BTVI vocational training gives inmates hope
he second cohort of inmates in a training program facilitated by the Bahamas Technical and Vocational Institute (BTVI) graduated on Thursday.
The ceremony, held at the Bahamas Department of Correctional Services honored 80 inmates who completed basic training in carpentry, barbering, garment manufacturing, computer, auto mechanics, electrical installation and plumbing. The Citizen Security & Justice program is a part of a $3.4 million component of an Inter-American Development Bank-financed project geared towards the rehabilitation and reintegration of offenders.
The newly announced Commissioner of Corrections Charles Murphy, noted that the skills learned in the 10-week program have given them the ability to survive in society upon release.
“You are equipped to move into the workforce without hindrance. Studies reveal that individuals who participate in studies while incarcerated, seldom or never return to prison…I hope you be a part of that grouping that never returns,” said Commissioner Murphy.
Additionally, Minister of National Security Marvin Dames emphasized that the prison is moving from penal to correction.
“Most people don’t expect much from men and women in prison…we are truly committed to correctional reform by adopting holistic changes that focus on rehabilitation and reducing recidivism. The more educational programs inmates are involved in, recidivism is reduced. Everyone, regardless of the past, should have the opportunity to strive in the future,” he said.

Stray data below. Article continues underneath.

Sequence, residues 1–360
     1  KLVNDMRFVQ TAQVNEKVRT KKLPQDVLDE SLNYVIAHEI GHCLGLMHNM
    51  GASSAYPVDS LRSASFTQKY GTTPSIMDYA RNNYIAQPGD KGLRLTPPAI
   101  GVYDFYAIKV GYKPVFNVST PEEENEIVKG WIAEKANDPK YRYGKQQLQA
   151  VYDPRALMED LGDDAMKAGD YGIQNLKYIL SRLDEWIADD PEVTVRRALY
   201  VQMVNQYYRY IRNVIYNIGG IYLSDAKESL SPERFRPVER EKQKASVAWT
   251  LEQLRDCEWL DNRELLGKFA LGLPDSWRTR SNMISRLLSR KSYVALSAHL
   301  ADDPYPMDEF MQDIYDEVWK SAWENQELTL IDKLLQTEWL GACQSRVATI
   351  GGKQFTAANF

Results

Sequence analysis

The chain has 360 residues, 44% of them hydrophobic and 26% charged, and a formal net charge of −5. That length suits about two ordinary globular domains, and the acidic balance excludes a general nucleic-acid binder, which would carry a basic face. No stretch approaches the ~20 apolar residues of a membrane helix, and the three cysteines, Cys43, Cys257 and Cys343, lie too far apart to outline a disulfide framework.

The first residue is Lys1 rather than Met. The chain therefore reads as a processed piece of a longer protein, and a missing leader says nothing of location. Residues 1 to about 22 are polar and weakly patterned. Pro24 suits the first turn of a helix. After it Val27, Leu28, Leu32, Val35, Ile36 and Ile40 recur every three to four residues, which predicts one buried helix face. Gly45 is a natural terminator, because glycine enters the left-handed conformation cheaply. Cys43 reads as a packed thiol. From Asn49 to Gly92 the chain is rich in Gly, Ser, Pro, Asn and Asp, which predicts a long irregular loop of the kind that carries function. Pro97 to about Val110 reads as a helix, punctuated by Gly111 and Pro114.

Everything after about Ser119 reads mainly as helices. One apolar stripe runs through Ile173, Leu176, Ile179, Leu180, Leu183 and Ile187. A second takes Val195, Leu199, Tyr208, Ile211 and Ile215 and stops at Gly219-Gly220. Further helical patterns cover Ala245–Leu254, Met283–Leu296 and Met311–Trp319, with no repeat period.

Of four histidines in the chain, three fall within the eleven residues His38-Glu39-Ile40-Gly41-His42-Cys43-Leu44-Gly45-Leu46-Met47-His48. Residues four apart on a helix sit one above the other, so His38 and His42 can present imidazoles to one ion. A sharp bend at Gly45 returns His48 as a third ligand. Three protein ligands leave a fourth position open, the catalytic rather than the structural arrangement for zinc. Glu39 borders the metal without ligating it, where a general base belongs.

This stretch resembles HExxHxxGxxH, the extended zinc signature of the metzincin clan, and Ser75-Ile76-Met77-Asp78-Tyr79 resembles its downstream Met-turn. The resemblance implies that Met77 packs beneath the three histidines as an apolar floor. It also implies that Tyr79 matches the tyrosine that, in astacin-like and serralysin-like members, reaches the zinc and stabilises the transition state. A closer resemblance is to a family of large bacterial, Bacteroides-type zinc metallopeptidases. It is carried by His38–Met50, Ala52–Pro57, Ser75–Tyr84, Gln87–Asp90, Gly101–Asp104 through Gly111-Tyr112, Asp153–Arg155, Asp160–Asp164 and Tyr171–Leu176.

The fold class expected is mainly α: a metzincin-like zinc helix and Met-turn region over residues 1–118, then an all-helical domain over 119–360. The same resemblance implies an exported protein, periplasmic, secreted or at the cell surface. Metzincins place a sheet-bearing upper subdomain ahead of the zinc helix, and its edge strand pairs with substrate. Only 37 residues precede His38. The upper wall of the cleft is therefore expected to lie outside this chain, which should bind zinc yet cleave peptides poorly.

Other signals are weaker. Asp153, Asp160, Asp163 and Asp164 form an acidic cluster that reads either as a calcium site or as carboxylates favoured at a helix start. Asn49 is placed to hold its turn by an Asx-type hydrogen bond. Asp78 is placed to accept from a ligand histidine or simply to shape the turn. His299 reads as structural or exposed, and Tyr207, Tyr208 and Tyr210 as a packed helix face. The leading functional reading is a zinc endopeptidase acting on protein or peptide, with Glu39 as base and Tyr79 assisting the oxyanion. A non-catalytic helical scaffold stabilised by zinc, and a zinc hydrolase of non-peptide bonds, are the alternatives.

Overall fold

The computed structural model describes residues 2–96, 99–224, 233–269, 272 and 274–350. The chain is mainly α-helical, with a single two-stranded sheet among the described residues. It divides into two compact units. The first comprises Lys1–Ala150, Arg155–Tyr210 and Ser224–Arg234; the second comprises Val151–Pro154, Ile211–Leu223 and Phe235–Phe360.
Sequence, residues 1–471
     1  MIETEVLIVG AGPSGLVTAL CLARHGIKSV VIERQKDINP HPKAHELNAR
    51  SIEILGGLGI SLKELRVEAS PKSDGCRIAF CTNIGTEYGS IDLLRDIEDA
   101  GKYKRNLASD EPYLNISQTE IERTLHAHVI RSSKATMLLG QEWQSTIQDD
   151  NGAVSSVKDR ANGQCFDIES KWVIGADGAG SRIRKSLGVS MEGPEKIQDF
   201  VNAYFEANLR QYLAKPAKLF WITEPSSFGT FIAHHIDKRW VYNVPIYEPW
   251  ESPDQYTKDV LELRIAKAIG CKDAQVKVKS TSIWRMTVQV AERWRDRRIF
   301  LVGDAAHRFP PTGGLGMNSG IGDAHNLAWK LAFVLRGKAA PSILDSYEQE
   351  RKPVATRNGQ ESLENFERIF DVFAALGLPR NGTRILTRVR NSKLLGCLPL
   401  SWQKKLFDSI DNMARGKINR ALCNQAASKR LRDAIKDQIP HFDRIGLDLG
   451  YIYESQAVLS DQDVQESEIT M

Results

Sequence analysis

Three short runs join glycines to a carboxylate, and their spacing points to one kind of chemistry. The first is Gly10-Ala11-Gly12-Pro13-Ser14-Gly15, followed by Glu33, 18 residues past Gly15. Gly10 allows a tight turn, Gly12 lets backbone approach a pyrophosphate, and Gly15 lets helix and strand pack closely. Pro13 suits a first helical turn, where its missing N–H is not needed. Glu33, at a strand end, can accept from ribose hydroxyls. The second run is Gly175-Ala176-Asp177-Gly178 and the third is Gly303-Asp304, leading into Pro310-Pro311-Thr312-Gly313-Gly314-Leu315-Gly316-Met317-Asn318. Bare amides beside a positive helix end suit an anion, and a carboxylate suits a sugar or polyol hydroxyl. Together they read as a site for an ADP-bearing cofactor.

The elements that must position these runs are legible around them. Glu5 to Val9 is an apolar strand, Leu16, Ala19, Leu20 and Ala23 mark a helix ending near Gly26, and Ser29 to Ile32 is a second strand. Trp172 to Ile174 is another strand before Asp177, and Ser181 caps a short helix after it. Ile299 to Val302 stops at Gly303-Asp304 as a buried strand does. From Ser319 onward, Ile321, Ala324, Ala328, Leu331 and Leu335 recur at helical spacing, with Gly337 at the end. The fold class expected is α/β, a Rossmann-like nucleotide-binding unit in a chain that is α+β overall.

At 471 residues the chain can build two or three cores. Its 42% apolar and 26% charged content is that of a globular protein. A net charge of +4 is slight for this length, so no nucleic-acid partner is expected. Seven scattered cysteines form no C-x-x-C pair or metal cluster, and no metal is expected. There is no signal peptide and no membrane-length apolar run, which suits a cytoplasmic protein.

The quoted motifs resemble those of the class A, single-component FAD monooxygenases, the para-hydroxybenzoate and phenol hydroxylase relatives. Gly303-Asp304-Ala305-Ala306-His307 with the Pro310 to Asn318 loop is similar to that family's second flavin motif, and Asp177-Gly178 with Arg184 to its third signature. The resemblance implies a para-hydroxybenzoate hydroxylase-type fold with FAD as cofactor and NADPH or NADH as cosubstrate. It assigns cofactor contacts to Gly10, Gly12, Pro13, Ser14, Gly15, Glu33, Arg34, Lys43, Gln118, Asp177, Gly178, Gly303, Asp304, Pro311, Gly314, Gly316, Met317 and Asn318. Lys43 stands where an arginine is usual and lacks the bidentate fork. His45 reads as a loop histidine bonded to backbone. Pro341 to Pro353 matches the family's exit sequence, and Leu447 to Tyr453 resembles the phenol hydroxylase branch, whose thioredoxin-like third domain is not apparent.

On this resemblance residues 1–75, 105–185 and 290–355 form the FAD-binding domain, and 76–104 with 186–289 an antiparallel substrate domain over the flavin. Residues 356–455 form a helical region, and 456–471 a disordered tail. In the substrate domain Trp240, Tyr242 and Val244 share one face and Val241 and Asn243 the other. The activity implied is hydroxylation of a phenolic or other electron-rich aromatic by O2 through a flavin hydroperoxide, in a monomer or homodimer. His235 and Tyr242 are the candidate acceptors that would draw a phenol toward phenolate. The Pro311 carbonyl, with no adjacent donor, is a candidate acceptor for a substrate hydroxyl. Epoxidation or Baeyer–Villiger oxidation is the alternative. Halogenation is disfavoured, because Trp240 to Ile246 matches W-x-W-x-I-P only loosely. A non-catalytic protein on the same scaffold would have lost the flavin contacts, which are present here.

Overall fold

“Life outside these prison walls are complicated. Therefore, an expansive and holistic preparation is needed…soft skills are necessary to making sound decisions,” he added.
Dames pointed to gaining technical vocational education and training (TVET) as an important aspect of preparation for release.
Also bringing remarks during the ceremony was BTVI’s President Dr. Robert W. Robertson, who said the institution is pleased to be a part of the “revolutionary program”, that gives both male and female prisoners a second chance.
“These inmates no doubt have hope as a result of this training and it could very well be their passport to employment opportunities upon release…I understand a barbering participant from the first cohort, who has since been released, is now actually working as a barber. That, ladies and gentlemen, speaks to the validity of this program and is evidence that the walls of prison do not have to be roadblocks to learning,” said Dr. Robertson, resulting in applause from the crowd.
Dr. Robertson added that BTVI is committed to the goal of training some 600 inmates over the two-and-a-half-year span and invited the inmates to apply to the institution to further their skills upon completion of their sentences.
Inmate Walden Clarke said the program has had a positive impact on the cohort and they appreciate the opportunity afforded them.